It’s been a month-and-a-half since Sandy struck New York City and its art community particularly hard. And still, galleries are struggling to recover from the hurricane. There have been countless volunteers and helpful neighbors to help them along the way, something that’s particularly heartening among so much devastation.
Ground level or below ground storage areas were too often turned to sludge and muddy paper, but items on higher ground fared better. Printed Matter is a nonprofit in Chelsea that specializes in artists’ books. While what was in the basement storage space can never be recovered, most of what was upstairs was
dried out and the bookstore reopened just five days following the hurricane.
But five days after the storm, others in Chelsea weren’t quite so lucky. Still sorting through debris, a myriad of volunteers flocked in to help. Dumpsters were stuffed full of cardboard and unsalvageable art. The David Zwirner gallery’s walls (made from drywall) were soaked and the gallery had to be completely gutted because of the water damage wrought by the hurricane.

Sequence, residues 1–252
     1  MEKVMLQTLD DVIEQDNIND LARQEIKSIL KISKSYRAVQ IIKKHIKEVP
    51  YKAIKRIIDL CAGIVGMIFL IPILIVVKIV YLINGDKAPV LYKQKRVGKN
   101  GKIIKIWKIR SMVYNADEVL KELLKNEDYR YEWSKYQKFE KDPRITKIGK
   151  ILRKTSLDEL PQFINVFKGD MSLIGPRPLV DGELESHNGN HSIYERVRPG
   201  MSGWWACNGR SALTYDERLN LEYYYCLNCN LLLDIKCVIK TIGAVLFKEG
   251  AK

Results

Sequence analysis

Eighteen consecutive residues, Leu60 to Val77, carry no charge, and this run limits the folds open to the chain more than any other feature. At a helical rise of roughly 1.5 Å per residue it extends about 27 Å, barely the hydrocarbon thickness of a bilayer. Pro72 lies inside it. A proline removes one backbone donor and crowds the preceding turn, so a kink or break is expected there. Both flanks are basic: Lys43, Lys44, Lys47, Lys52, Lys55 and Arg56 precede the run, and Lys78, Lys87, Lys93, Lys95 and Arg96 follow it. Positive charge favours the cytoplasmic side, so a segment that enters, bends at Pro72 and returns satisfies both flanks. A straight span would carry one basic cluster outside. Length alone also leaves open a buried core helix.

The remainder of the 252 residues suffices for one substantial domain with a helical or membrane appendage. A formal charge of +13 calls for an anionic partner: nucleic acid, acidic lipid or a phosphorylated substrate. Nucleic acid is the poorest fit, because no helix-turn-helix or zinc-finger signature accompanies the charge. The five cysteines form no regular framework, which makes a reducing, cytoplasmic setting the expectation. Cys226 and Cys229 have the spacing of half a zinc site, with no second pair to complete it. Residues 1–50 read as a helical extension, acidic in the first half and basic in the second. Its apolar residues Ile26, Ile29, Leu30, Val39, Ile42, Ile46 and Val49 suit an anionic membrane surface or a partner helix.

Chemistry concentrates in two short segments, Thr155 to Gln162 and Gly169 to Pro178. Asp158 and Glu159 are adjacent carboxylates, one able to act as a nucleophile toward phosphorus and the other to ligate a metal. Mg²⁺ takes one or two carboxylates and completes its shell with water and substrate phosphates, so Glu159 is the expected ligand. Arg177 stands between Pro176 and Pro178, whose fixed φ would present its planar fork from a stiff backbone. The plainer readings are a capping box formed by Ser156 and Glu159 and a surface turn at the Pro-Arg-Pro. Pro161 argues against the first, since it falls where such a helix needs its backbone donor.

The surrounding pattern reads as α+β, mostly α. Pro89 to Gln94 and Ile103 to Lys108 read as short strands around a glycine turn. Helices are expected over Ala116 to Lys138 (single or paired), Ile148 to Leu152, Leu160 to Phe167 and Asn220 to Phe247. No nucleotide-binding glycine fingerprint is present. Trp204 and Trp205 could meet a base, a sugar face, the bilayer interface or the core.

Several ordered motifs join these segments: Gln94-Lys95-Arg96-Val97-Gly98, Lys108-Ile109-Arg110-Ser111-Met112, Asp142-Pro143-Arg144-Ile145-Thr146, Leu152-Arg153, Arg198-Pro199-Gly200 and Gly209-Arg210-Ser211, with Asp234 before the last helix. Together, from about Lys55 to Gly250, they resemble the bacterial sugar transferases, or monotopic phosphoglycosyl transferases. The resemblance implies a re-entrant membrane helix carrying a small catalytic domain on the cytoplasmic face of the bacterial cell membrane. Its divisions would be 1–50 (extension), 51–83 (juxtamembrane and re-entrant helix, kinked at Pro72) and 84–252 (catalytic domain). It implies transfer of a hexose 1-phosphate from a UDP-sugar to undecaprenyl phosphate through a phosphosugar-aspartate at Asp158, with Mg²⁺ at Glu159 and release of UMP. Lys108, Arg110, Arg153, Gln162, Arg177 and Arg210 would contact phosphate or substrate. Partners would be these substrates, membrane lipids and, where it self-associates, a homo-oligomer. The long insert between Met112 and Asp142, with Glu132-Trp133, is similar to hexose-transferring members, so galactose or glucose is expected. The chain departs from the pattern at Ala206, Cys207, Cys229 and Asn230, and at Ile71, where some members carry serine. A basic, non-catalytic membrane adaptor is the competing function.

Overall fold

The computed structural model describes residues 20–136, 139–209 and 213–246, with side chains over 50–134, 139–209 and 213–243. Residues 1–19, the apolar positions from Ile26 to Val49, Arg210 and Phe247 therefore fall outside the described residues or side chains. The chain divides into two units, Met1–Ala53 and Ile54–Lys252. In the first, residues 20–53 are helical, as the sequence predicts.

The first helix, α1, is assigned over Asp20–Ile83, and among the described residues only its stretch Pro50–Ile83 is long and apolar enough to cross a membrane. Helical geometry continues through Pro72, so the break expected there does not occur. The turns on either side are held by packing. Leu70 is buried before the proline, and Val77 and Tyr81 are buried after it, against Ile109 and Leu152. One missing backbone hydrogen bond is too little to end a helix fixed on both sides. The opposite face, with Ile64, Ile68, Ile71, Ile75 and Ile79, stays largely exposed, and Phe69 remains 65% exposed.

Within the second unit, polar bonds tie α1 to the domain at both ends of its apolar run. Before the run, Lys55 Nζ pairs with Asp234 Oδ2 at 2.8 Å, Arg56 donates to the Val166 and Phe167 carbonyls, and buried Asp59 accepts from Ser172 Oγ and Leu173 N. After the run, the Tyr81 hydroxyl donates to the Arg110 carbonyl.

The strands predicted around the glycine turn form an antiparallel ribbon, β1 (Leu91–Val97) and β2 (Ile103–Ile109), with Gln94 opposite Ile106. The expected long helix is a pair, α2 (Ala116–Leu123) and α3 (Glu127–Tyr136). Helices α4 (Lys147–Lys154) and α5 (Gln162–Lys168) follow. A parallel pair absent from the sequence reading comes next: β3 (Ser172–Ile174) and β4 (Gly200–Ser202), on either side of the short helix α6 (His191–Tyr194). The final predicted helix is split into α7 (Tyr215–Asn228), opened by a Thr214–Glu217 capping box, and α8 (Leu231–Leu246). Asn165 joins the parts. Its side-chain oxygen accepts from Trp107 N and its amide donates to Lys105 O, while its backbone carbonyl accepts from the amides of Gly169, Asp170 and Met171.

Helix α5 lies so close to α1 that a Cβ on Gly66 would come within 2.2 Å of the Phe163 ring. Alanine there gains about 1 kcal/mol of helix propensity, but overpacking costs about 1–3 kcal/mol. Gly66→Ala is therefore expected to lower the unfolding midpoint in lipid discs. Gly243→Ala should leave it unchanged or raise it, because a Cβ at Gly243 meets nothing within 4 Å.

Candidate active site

Now, many of those same galleries are in Miami for the Art Basel show. “Before the hurricane we were only going to have a couple of representatives there, from the sales staff,” said Julia Joern of The David Zwirner gallery. “But, after the hurricane, everyone is going. We don’t really have a gallery where we can function so we have to go to the fair en masse.”
Other galleries in similar situations are hoping that sales from the fair will help them toward recovery. And some are in much more dire circumstances than Zwirner. Derek Eller stored much of his artwork in the basement. “It essentially looked like an Olympic-sized swimming pool,” he said. “We had about five feet of water in there. We had approximately 750 works of art that was submerged in water.”
Insurance claims are still being worked out for many hard-hit galleries. There is insecurity as to how much will be covered by insurance companies and how much will be written off as lost money. To fully realize this, specialists must appraise all damaged art to determine what can be saved and what can’t.
Luckily, there’s a sense of community developing between many galleries. The Art Dealers Association of America’s relief fund has seen donations from some galleries (like $50,000 from David Zwirner) and has gifted out money to those who need it most.